Micropolis 100085-01-8A is a floppy disk controller board, implemented on a 5-by-10-inch PCBA
that plugs into the S-100 bus. It relies on hard-sectored media
disks with 16 sector marking holes arranged around the center of the disk which an optical
sensor can pick up to detect the beginning of one disk sector. An additional 17th index hole
is located halfway between the holes for sector 15 and sector zero.
This board is one of Micropolis' first products. It was marketed closely with Vector Graphic Inc.'s
computers. Documentation was sometimes interchanged and this Micropolis board was sold as part of
Vector Graphic's early systems.
was bundled floppy controller for many drives from the Micropolis 1015/1016-Series
especially earlier drive models. It was later superseded by controller PCB model 100163
Although the model/part number 100085-01-8A is normally the main number identifying the PCB, there
are sub-variants of this floppy controller assembly, mostly differing in factory-set jumpers,
commonly identified by numbers similarly formatted like the main part number.
Here's a list of these "dash numbers". Each number is usually suffixed by a letter denominating a
hardware revision. For the below list, we suffixed the letter "B".
100086-01-6B for a PCB with Address F4, MFM encoding and external Oscillator
100086-02-4B for address F4, MFM encoding, internal Oscillator
100086-03-2B Address F4, DF, external Osc.
100086-04-0B Address F4, DF, internal Osc.
100086-52-9B Address F4, MFM, internal Oscillator, relocated PROMS
Disk Data Format
Data is recorded on the disk in concentric tracks. The outermost track
is track zero. Each track is divided into 16 sectors. The beginning of
each sector is indicated by a sector hole punched in the disk. An index
hole is located halfway between the holes for sector 15 and sector zero.
The sector and the index hole are sensed by a photo transistor in the disk
drive. Each disk sector consists of a preamble, sync byte, header, data, 4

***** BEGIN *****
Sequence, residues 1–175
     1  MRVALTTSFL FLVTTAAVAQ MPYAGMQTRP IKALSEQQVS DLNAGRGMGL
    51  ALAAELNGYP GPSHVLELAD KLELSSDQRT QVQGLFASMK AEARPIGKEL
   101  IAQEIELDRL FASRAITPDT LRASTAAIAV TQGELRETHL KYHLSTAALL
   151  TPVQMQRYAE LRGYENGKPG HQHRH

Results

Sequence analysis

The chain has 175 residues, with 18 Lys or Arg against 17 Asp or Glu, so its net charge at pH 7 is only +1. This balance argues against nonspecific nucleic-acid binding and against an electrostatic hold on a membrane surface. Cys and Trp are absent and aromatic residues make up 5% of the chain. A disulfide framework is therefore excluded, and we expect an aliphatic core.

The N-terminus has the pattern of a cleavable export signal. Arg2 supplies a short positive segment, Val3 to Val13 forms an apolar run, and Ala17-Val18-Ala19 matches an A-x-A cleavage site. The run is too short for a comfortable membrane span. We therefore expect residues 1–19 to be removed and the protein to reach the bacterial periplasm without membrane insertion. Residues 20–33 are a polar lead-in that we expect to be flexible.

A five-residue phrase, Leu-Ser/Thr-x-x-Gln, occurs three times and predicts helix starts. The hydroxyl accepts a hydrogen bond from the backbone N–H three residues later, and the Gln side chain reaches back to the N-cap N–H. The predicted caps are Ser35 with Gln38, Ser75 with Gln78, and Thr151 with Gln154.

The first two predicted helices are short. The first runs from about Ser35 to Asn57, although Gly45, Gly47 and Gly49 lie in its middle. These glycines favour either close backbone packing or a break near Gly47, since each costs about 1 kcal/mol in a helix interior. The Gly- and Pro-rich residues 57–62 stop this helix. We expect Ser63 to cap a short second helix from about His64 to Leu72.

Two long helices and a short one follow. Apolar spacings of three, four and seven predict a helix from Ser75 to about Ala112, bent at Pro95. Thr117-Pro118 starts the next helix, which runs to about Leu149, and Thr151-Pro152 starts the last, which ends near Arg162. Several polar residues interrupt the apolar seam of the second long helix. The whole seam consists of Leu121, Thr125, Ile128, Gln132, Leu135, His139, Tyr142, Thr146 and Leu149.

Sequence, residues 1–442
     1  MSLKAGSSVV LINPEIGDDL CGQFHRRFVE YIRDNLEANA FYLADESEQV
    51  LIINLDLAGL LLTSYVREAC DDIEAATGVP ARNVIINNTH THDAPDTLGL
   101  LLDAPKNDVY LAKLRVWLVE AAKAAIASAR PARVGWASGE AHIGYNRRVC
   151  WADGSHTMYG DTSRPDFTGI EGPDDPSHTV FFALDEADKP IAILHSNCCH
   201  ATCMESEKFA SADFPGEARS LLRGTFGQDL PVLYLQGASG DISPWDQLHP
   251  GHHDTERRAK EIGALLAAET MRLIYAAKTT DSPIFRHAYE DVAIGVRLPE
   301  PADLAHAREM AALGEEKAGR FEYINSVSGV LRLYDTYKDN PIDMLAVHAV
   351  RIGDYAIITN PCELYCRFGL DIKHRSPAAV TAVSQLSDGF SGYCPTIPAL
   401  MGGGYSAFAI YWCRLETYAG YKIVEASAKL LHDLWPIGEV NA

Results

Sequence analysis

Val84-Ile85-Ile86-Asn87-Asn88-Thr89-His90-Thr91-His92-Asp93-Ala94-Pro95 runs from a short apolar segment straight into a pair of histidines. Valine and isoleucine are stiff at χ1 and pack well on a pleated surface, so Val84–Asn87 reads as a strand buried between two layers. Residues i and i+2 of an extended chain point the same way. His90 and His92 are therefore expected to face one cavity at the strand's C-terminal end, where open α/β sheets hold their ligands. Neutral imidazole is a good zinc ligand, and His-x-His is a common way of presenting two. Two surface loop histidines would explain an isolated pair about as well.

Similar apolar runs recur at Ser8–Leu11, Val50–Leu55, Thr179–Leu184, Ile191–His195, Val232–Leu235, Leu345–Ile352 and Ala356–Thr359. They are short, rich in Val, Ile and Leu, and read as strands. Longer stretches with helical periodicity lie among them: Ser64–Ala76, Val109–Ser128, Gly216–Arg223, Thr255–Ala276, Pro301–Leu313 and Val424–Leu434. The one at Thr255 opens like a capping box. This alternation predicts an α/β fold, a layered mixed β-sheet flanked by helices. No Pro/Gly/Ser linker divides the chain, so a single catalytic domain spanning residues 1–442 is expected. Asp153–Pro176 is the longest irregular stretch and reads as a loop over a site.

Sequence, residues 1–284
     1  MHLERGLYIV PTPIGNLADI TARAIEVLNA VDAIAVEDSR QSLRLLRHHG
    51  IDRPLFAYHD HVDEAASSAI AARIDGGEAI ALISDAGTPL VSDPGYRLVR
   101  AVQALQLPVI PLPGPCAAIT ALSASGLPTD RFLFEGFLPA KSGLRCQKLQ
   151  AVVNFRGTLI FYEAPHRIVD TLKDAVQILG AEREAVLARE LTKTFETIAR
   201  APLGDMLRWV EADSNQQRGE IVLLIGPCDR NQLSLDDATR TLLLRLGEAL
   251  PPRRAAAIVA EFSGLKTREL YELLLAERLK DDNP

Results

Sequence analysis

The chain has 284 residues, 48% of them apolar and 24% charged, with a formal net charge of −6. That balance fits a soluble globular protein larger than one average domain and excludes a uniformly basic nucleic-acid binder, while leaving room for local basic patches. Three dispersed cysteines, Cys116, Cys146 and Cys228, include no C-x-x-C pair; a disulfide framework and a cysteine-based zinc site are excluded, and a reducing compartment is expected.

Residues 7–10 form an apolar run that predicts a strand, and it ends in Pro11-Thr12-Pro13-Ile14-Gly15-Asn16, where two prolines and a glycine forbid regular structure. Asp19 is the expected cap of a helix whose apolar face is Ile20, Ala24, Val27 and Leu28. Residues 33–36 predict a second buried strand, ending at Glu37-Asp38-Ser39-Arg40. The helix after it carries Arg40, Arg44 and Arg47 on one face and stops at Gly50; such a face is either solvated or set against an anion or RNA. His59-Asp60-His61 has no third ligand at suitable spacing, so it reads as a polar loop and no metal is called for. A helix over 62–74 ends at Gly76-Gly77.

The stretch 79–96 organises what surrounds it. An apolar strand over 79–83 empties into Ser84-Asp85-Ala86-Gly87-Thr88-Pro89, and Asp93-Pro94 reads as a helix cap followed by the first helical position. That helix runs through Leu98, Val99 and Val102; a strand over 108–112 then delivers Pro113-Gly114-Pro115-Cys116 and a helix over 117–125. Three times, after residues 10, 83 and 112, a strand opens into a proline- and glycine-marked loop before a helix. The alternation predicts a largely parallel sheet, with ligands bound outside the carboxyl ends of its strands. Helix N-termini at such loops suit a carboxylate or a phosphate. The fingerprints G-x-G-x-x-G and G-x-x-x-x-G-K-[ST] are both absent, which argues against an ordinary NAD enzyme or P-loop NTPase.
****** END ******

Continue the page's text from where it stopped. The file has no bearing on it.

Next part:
checksum, and a postamble. Each of these fields are described below.
The preamble is composed of approximately 40 bytes of zero (0) data bits.
The preamble is automatically generated by the disk controller and is
necessary to provide tolerance for the mechanical alignment and electrical
characteristics of the sector/index sensor. It also provides a field of
known data pattern for synchronization of the read data decoder.
The sync byte is a byte of data (FFH) which is used in the disk
controller to define the beginning of useful data.
The header is a 2-byte block consisting of the binary track address
of the track on which the sector resides (0-76 (34)) and the address of
the sector (0-15). The header is used to verify that the proper sector is
being accessed in a disk I/O operation.
The data field consists of 266 bytes of user data.
The checksum is a one byte error detection code that provides error
detection in read operations. The checksum is computed by the CPU as
a) The accumulator and carry are initially cleared;
b) Each byte of the header and data fields is added to the accumulator
In write operations, the computed checksum is written immediately
following the data field.. In read cperations, the checksum is recomputed
fram. the read data and is compared with the checksum byte which is read. If
they do not compare, a read error has occurred.
The rest of the sector from the checksum to the next sector hole is
filled with zero data bits. The length of the postamble allows for the
mechanical tolerance in the placement of sector holes on the disk and
tolerance for disk speed and write clock variations.
For S-100 bus based computers, hardware manufacturer NorthStar implemented
a very similar controller with its MDC
cards which used hard-sectored disks like the 100085. The move away from
hard-sectored to soft-sector media on S-100 systems was sped up by the Western
Digital 1771 LSI floppy disk controller chip used on competing boards
from manufacturers like SD Systems